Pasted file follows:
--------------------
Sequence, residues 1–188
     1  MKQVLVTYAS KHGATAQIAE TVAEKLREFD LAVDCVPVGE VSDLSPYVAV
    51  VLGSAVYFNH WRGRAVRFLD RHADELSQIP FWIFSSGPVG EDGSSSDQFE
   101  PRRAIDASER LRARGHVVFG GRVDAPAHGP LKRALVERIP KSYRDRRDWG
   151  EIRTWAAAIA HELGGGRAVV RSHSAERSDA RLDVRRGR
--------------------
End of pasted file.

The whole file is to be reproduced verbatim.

Sequence, residues 1–188
     1  MKQVLVTYAS KHGATAQIAE TVAEKLREFD LAVDCVPVGE VSDLSPYVAV
    51  VLGSAVYFNH WRGRAVRFLD RHADELSQIP FWIFSSGPVG EDGSSSDQFE
   101  PRRAIDASER LRARGHVVFG GRVDAPAHGP LKRALVERIP KSYRDRRDWG
   151  EIRTWAAAIA HELGGGRAVV RSHSAERSDA RLDVRRGR